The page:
2021 Oct 1;JCO2101495.
 doi: 10.1200/JCO.21.01495. Online ahead of print.

Cancer in Children With Fanconi Anemia and Ataxia-Telangiectasia-A Nationwide Register-Based Cohort Study in Germany



  • 1Department of Pediatric Hematology and Oncology, Hannover Medical School, Hannover, Germany.
  • 2Division of Childhood Cancer Epidemiology, Institute of Medical Biostatistics, Epidemiology and Informatics, University Medical Center of the Johannes Gutenberg University Mainz, Mainz, Germany.
  • 3Department of Human Genetics, University of Würzburg, Biocenter, Würzburg, Germany.
  • 4Division of Pediatric Hematology and Oncology, Department of Pediatrics and Adolescent Medicine, University Medical Center Freiburg, Faculty of Medicine, University of Freiburg, Germany.
  • 5German Cancer Consortium (DKTK), Freiburg, Freiburg, Germany.
  • 6German Cancer Research Center (DKFZ), Heidelberg, Germany.
  • 7Department of Gynecology and Obstetrics, Hannover Medical School, Hannover, Germany.


Purpose: Fanconi anemia (FA) and ataxia-telangiectasia (AT) are rare inherited syndromes characterized by abnormal DNA damage response and caused by pathogenic variants in key DNA repair proteins that are also relevant in the pathogenesis of breast cancer and other cancer types. The risk of cancer in children with these diseases is poorly understood and has never been assessed in a population-based cohort before.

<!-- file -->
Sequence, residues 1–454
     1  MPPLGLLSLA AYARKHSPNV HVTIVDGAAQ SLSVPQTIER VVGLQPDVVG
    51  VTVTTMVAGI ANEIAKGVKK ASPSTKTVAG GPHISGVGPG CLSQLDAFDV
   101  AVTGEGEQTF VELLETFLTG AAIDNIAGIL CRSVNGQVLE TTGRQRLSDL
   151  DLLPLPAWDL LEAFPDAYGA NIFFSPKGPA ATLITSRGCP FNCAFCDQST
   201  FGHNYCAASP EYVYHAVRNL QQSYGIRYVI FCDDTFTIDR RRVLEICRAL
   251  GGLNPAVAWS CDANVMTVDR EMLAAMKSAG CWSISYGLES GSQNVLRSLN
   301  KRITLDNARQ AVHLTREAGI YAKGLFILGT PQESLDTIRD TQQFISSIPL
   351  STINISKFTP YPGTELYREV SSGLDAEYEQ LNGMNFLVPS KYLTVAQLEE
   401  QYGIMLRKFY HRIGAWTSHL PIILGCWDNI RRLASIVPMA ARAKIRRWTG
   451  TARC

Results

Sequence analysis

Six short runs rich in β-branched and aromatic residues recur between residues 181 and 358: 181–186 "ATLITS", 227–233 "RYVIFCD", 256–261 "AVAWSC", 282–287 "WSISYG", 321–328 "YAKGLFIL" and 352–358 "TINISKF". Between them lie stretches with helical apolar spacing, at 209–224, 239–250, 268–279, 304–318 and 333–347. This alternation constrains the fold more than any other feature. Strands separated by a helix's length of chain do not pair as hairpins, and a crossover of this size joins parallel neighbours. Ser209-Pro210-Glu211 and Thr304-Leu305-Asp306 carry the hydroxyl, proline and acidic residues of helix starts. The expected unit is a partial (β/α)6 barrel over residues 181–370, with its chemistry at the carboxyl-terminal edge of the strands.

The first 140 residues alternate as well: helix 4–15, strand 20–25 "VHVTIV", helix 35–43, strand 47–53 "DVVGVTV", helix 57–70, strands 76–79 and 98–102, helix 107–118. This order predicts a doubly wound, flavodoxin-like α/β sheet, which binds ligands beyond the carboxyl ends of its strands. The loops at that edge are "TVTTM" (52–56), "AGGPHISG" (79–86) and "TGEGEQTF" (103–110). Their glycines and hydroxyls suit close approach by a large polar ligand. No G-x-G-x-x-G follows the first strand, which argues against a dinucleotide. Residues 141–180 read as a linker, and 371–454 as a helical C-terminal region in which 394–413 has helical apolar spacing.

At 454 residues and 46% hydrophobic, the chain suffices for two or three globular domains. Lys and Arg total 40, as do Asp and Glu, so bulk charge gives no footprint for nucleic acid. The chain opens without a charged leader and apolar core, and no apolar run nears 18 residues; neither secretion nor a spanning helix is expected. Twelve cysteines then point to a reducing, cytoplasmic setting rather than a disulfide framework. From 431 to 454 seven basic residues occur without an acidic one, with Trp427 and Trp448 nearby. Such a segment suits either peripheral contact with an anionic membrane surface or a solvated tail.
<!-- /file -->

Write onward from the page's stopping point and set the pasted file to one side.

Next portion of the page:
Methods: We identified 421 patients with FA and 160 patients with AT diagnosed between 1973 and 2020 through German DNA repair disorder reference laboratories. We linked patients' laboratory data with childhood cancer data from the German Childhood Cancer Registry.

Results: Among 421 patients with FA, we observed 33 cases of childhood cancer (15 cases of myelodysplastic syndrome; seven cases of acute myeloid leukemia; two cases of lymphoma, carcinoma, medulloblastoma, and nephroblastoma, respectively; and one case of rhabdomyosarcoma, acute lymphoblastic leukemia, and glioma, respectively) versus 0.74 expected (on the basis of population-based incidence rates in Germany). This corresponds to a 39-fold increased risk (standardized incidence ratio [SIR] = 39; 95% CI, 26 to 56). For all FA subgroups combined, the cancer-specific SIR for myeloid neoplasms was 445 (95% CI, 272 to 687). Among the 160 patients with AT, we observed 19 cases of childhood cancer (15 cases of lymphoma, three cases of leukemia, and one case of medulloblastoma) versus 0.32 expected. This corresponds to a 56-fold increased risk (SIR = 56; 95% CI, 33 to 88). The cancer-specific SIR for Hodgkin lymphoma was 215 (95% CI, 58 to 549) and for non-Hodgkin lymphoma 470 (95% CI, 225 to 865).